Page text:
None of us know how this season will end. That would, after all, defeat the purpose of the six-month odyssey that lays before us: the highs and lows, anticipation, frustration, elation, and satisfaction that only a baseball season can bring. But on Monday, we at least learned how this story would start.
And it was hard to imagine a more perfect beginning.
Bryce Harper’s first swing of the season connected with a hanging curveball out of Ricky Nolasco’s hand, soared 400 feet through the Washington spring air and landed in the right field bleachers. In his second at-bat, Harper punished another Nolasco breaking ball, depositing it within 50 feet of his original blast. Two at-bats, two home runs for the defending Rookie of the Year. He couldn’t have scripted a better beginning to his sophomore season.
Meanwhile, Stephen Strasburg allowed a single to start the game, then set down the next 19 Marlins batters, mostly on a combination of weak groundouts and lazy fly balls. He was not the overwhelming, 14-strikeout Strasburg of his 2010 debut, but he was just as dominant, allowing only three hits over seven scoreless frames.
Tyler Clippard fired a scoreless eighth and newly-acquired Rafael Soriano came on for his first save opportunity in the ninth, with Harper’s two runs of offense still representing the game’s only scoring to that point. Soriano rang up the Marlins 1-2-3 hitters with a pair of strikeouts in the ninth, freezing Miami star Giancarlo Stanton for strike three to put the first Curly W of 2013 in the books.
As we all catch our breath Tuesday, the pomp and circumstance of Opening Day fading into our rear-view mirror, we know not every day will like the first this season. But if the first taste of the season is a harbinger of anything to come, Nationals fans have plenty to be excited about this season.
In the lead up to Opening Day at Nationals Park on April 1, we’re counting down 13 things we’re excited about on and off the field heading into the 2013 season. Be sure to check back each day as we add another item to the list and get one day closer to the return of baseball to Washington!
#12: Old Dogs, New Tricks
You may have heard reports from camp in Viera that some of the Nationals pitchers are working on some new pitches this spring. Considering that the staff finished the 2012 season with the best ERA in the National League at 3.33, that is a very scary proposition, indeed.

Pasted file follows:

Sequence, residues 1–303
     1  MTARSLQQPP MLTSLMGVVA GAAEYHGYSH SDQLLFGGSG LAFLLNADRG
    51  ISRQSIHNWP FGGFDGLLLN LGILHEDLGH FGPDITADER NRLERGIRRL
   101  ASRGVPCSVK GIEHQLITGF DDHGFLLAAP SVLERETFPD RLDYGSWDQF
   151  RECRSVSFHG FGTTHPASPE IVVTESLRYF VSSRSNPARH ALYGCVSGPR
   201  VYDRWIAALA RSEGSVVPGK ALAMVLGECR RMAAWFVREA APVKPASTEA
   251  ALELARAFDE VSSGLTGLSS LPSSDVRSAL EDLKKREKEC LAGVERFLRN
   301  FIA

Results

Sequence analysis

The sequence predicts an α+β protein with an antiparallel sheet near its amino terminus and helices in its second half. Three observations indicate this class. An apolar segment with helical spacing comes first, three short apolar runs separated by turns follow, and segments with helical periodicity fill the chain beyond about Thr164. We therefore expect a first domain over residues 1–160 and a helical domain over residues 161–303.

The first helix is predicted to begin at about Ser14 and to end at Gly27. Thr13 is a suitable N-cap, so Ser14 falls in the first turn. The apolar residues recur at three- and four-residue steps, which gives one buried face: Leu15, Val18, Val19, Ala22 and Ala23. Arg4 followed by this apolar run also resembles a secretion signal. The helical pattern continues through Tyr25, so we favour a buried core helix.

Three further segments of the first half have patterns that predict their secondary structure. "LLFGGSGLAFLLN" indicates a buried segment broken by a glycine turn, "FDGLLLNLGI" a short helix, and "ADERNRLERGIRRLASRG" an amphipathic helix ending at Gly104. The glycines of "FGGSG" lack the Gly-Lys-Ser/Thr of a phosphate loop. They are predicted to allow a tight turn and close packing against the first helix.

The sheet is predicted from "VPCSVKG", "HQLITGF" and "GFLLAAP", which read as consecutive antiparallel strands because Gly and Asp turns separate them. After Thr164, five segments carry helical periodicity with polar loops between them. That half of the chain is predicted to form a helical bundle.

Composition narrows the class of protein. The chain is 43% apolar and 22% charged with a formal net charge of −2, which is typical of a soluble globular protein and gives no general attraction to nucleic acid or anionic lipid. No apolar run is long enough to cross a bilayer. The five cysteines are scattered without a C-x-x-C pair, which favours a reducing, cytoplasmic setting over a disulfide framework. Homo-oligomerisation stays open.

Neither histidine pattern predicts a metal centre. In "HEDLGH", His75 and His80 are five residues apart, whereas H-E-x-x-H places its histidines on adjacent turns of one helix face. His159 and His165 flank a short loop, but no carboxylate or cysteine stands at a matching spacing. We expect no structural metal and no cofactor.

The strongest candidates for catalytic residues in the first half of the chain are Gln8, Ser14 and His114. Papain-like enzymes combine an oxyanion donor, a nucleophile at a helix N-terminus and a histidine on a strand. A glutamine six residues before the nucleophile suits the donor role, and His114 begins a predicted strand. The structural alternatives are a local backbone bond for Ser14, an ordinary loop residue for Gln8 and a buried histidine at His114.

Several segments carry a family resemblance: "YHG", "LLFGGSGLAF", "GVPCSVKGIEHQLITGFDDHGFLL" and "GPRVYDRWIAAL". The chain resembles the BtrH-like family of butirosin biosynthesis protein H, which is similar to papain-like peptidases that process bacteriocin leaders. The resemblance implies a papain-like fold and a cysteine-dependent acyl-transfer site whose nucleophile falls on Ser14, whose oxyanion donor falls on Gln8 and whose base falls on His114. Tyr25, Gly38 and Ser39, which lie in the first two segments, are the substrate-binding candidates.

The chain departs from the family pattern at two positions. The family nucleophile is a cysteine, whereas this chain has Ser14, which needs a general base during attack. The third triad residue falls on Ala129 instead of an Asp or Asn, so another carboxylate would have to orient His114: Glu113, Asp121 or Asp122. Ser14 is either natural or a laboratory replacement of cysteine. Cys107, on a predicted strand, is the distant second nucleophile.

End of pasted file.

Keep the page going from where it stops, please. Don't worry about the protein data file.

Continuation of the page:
Ross Detwiler has flashed a curveball that Davey Johnson claims is as good as any he’s seen the lefty throw, looking sharp in both international play at the WBC and in quieting the Detroit Tigers’ daunting lineup. Speaking of taming the Tigers, Jordan Zimmermann was absolutely masterful against Detroit last Sunday – and downright giddy afterwards – after showing some of the best changeups we’ve ever seen the power pitcher throw. Tyler Clippard has also expanded his repertoire, adding a curveball to pair with his already devastating changeup. How has that worked out so far? He’s allowed just two hits over 7.0 scoreless frames this spring, walking one while fanning nine.
Even Stephen Strasburg, already the owner of three plus pitches, has been working on a sinking fastball to pair with his four-seamer. We can’t wait to see all of them in action, as he throws the first pitch of the regular season a week from Monday.
Jordan Zimmermann was dominant against the defending American League Champion Detroit Tigers on Monday, setting down the final 18 batters he faced after allowing a leadoff single to begin the game. And as impressive as he was in dismantling one of the best offenses in baseball, he accomplished a feat even more rare off the field just last week.
As they have done each of the last three years, a collection of Nationals players, coaches and staff joined together for a par three scramble challenge on the Doral course near Space Coast Stadium last Monday night. With the off day on Tuesday, the tradition allowed for the group to come together off the field and bond over some friendly competition.